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Stones of Summer : Instinct (Part 5)
It was an incredible feeling really.
The thought that the plane I was on was now the same plane that was about to crash land in the middle of the Asian tundra. Snow could only hinder our impact so much, and there wasn't even a lot of it, the summer season had just kicked into full gear, melting most if not all the past fallen snow.
The alarm bells going off in the cockpit and the flashing lights that made this event seem that much worse did nothing to ease my asthma. The harsh fit would not pass until my inhaler was pulled from my carry on and thrust into my mouth, harder than I had intended.
The room wobbled a bit as a few people in seats gave cries of fear. I clutched my bag closer to my chest and prayed to God that we would all survive this. The pilot came over the air, telling us all to remain calm, but it was in vain.
We were crashing, there was nothing we could do about it.
The sounds the trees made when the wings of the planes cut them down like dominoes was horrendous. It was painful to watch, those were animal's habitats, and no doubt many an animal would suffer and or die because of a human contraption.
What was I thinking!?
"I'm turning into my mother!" It was utterly depressing. Especially since this was the last time I would ever think like this. My life was about to end, and all I could think of was the animals? I really needed to refresh my outlook on life.
And I had exactly ten seconds to do so.
The jar of the plane making contact with the ground made my teeth rattle and my bottom hurt. More and more devastation was brought upon the untouched land as we slid and scraped our way through the terrain. It was awfully terrifying. The man next to me looked as if he was having a heart attack. He was clutching at his chest and was blue and red in the face.
Uh,....no, he was just nauseous.
And all over my sneakers too.
Great, now I was going to die smelling like cheesy malt whiskey vomit. Rescuers were going to find my body and it would stink with the days rot and whiskey. I hope my parents didn't think I was drinking. Not that they would care. Let them think that, maybe they'll actually act like real parents and get angry. Then again, it's hard to get angry at a dead child.
Sighing, I shifted to rub the vomit off on the seat in front of me. It just smudged and rubbed further into my sock.
At last the plane came to a grinding halt then tilted over and dropped to one side sending all of us that weren't buckled in, namely two people in the back, dropping to the floor and sliding down towards the wall. The rest of us just hung there like dolls. The pilot came out, sweating profusely, and crashed against the door. He made an unmanly squeal when the door wouldn't open. The panic was written all about his face. I would have un-clipped myself from my seat, but I feared falling into the mess on the floor. Or worse. Falling into the mess in the chair next to me. The pilot grunted and cursed, fumbling and struggling with the door before finally giving up. The only stewardess on the plane moved to his side as he threw up his hands, turning to stare at each of us.
"That's it. We've survived the crash, but we are all going to die anyway. There is fuel leaking all over the ground and we are stuck inside here-"
He turned slowly to stare at the stewardess who had reached over, trying the door again, and pushed it open. The pilot turned pink in the face while his eyes opened wide.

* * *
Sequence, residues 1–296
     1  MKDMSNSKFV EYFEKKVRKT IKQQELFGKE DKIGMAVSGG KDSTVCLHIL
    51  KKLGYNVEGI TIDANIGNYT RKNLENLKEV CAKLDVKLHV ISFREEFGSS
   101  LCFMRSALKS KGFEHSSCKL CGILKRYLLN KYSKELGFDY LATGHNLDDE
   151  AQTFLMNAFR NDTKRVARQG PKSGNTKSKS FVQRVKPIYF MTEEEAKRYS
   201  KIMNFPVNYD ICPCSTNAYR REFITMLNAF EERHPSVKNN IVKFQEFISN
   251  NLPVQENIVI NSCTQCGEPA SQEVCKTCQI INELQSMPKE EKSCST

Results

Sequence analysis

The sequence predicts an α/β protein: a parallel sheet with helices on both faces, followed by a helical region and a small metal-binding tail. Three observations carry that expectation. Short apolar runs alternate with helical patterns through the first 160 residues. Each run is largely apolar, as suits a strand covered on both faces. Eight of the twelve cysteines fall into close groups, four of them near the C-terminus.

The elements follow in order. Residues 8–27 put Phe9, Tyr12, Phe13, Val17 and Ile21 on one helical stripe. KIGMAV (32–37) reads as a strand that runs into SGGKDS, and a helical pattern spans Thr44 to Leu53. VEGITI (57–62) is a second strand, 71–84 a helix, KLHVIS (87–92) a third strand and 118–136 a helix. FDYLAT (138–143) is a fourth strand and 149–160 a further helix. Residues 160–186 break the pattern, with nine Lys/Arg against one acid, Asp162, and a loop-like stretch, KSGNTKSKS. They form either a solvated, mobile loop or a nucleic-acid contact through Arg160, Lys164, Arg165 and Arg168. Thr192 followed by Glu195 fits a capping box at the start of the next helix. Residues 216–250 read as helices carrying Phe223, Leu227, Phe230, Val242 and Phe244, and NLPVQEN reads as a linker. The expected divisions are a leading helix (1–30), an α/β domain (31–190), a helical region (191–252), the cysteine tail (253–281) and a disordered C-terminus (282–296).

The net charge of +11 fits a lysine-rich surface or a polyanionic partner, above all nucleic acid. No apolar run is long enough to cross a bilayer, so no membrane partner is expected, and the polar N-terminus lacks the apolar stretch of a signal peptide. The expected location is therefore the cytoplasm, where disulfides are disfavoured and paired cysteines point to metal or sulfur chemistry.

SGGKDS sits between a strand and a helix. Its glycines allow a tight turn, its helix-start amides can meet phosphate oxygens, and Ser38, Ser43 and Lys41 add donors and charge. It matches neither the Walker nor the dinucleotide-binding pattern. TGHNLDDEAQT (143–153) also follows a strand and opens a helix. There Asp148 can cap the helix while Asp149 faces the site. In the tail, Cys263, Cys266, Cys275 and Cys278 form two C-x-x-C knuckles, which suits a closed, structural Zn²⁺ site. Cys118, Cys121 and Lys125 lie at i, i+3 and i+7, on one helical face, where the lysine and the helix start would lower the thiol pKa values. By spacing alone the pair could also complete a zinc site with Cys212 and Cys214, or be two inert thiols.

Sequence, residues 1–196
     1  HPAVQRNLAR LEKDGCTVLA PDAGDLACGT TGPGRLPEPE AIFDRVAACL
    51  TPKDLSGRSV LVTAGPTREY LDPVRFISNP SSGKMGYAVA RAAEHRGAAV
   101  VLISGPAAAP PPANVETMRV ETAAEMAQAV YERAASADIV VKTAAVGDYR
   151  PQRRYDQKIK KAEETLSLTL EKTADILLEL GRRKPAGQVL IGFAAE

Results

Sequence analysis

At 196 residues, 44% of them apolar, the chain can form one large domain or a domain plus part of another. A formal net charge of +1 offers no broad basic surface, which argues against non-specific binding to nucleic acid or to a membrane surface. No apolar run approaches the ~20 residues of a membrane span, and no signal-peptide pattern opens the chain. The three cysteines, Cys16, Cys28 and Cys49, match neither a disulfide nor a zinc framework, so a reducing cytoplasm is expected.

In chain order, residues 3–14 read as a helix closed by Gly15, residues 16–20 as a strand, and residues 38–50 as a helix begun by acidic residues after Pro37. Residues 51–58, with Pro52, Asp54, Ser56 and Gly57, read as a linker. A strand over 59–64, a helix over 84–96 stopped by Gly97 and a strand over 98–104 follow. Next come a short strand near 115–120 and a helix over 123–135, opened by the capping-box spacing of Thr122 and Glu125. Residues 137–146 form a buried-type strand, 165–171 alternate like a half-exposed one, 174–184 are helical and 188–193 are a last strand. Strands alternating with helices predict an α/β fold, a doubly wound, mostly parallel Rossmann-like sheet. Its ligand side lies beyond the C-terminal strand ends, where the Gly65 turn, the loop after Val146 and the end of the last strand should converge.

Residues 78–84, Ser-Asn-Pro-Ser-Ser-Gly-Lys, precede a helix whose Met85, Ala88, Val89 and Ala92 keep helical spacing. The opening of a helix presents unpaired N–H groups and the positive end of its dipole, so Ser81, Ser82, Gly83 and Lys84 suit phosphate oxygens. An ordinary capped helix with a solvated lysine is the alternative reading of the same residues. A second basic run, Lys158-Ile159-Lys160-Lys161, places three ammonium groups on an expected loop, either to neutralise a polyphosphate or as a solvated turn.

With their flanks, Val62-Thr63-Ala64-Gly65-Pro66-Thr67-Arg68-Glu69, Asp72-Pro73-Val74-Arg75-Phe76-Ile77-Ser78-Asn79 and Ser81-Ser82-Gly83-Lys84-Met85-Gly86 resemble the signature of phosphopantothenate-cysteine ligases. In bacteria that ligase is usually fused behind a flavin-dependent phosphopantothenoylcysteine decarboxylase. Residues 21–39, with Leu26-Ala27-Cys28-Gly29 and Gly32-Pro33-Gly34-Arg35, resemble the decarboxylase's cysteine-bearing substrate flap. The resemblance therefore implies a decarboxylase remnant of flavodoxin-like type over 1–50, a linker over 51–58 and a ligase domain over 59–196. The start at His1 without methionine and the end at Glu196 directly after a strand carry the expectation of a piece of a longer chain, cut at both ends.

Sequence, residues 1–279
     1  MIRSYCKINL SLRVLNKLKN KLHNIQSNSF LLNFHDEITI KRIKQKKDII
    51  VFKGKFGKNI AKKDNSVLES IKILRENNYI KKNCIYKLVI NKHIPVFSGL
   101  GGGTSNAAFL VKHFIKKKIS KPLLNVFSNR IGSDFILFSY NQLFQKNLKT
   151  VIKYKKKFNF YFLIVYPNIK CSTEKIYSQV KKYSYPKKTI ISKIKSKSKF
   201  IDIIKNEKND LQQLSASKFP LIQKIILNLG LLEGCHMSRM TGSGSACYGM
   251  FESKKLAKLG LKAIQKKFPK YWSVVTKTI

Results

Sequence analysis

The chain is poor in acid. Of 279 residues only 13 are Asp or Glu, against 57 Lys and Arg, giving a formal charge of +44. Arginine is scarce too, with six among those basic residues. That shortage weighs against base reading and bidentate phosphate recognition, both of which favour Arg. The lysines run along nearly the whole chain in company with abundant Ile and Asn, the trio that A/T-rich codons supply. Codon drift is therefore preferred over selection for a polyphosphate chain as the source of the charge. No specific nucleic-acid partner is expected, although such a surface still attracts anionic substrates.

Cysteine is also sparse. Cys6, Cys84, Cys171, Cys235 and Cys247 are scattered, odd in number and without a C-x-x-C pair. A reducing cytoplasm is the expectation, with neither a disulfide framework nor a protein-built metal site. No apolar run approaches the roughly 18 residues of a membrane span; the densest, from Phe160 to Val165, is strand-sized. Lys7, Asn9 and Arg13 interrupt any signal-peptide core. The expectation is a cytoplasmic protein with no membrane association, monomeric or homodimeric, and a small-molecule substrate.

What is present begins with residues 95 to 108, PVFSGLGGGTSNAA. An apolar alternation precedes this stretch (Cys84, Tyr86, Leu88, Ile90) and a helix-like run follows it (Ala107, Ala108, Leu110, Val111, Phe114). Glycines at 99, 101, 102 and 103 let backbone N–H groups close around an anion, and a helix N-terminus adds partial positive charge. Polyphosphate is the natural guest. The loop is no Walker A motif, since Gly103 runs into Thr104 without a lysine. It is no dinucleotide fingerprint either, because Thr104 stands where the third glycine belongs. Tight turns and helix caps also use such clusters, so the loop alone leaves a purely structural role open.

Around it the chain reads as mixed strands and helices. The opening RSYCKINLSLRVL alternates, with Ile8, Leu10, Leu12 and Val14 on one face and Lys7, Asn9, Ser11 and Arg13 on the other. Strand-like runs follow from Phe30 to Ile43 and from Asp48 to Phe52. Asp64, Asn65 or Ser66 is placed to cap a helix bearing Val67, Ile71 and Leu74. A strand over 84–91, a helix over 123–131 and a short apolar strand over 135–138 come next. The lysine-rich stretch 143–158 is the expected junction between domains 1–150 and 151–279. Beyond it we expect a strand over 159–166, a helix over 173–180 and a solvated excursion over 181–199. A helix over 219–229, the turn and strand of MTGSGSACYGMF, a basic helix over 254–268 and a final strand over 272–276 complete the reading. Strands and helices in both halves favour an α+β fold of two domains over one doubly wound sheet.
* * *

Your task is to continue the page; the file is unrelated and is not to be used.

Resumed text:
"It was locked." The stewardess looked embarrassed for him. It took him a full minute of us hanging there for him to regain his composure.
"If you would all carefully un-clip your belts and proceed toward the door in a calm and orderly fashion, I will help you all exit the plane." The vomit man dropped from his seat easily, then turned to help me down with an apologetic look.
"I'm sorry, for...well...that...." I shrugged at we practically slid across the floor.
"N.B.D." The man made a grunt, but said nothing.
"Please move as far from the plane as possible, please stay together. We have already radioed for help; it should arrive as soon as possible." The stewardess commanded, still standing at the door. Once outside, a cool breeze coated our sweat and fear covered bodies. The pilot was the farthest away from us and was soon puking into the bushes. The choppy terrain was difficult to walk on, and the smell of fuel was heavy on the air. All four passengers and the stewardess moved towards the captain as fast as possible, all wanting to get away from the mangled wreck that was our plane.
No one knew what to do. We sat around in a scattered group and said nothing.
It had gradually come to this. We had moved a distance from the plane and had looked over ourselves for injuries. I grasped my inhaler tightly in my hand along with my bag. How could this have happened?
The sun passed overhead yet none of us moved. We were all going to burn, but I guess only I knew that. I covered myself with the blanket, casting myself in shadow.
"Hunny, yer' gonna' git' heat stroke doin' that." It was the same woman who had asked about the plane before we boarded it.
We were all shell shocked. It couldn't have been our plane that crashed. We weren't sitting in the wilderness because our plane went down.
I looked across the dirtied and fearful faces. One other person had something over their head. It was a shirt.
I looked back to the woman who spoke to me. I motioned at my makeshift cover.
"You need to cover yourself. It may be hot, but you won't get so severe a sunburn" She laid a shirt on top of her head at my instructions. It didn't cover nearly as much as she needed but it was better than nothing.
Hours passed, the stewardess made multiple attempts to make contact with anyone on the old beaten radio. All that came through was static.
We were hopelessly lost.